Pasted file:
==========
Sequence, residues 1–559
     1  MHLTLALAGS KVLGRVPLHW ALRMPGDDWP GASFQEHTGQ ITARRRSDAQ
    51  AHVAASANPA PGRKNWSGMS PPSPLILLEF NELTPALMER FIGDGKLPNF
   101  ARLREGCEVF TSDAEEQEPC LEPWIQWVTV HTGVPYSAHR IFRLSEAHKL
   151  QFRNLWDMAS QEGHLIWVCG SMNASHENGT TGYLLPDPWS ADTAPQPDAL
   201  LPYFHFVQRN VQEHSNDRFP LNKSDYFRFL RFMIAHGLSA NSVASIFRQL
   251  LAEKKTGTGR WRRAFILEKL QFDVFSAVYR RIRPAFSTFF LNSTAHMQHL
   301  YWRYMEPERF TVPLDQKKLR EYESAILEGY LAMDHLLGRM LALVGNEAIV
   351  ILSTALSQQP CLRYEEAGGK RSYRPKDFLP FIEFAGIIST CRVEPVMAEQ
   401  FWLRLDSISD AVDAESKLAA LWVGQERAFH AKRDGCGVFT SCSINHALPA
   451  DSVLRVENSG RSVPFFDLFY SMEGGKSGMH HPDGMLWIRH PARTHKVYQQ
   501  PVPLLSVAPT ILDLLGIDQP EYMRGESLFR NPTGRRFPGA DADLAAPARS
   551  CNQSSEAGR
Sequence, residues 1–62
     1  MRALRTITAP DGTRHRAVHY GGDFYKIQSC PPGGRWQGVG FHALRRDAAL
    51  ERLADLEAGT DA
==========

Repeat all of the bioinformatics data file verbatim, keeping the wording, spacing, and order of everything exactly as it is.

Sequence, residues 1–559
     1  MHLTLALAGS KVLGRVPLHW ALRMPGDDWP GASFQEHTGQ ITARRRSDAQ
    51  AHVAASANPA PGRKNWSGMS PPSPLILLEF NELTPALMER FIGDGKLPNF
   101  ARLREGCEVF TSDAEEQEPC LEPWIQWVTV HTGVPYSAHR IFRLSEAHKL
   151  QFRNLWDMAS QEGHLIWVCG SMNASHENGT TGYLLPDPWS ADTAPQPDAL
   201  LPYFHFVQRN VQEHSNDRFP LNKSDYFRFL RFMIAHGLSA NSVASIFRQL
   251  LAEKKTGTGR WRRAFILEKL QFDVFSAVYR RIRPAFSTFF LNSTAHMQHL
   301  YWRYMEPERF TVPLDQKKLR EYESAILEGY LAMDHLLGRM LALVGNEAIV
   351  ILSTALSQQP CLRYEEAGGK RSYRPKDFLP FIEFAGIIST CRVEPVMAEQ
   401  FWLRLDSISD AVDAESKLAA LWVGQERAFH AKRDGCGVFT SCSINHALPA
   451  DSVLRVENSG RSVPFFDLFY SMEGGKSGMH HPDGMLWIRH PARTHKVYQQ
   501  PVPLLSVAPT ILDLLGIDQP EYMRGESLFR NPTGRRFPGA DADLAAPARS
   551  CNQSSEAGR
Sequence, residues 1–62
     1  MRALRTITAP DGTRHRAVHY GGDFYKIQSC PPGGRWQGVG FHALRRDAAL
    51  ERLADLEAGT DA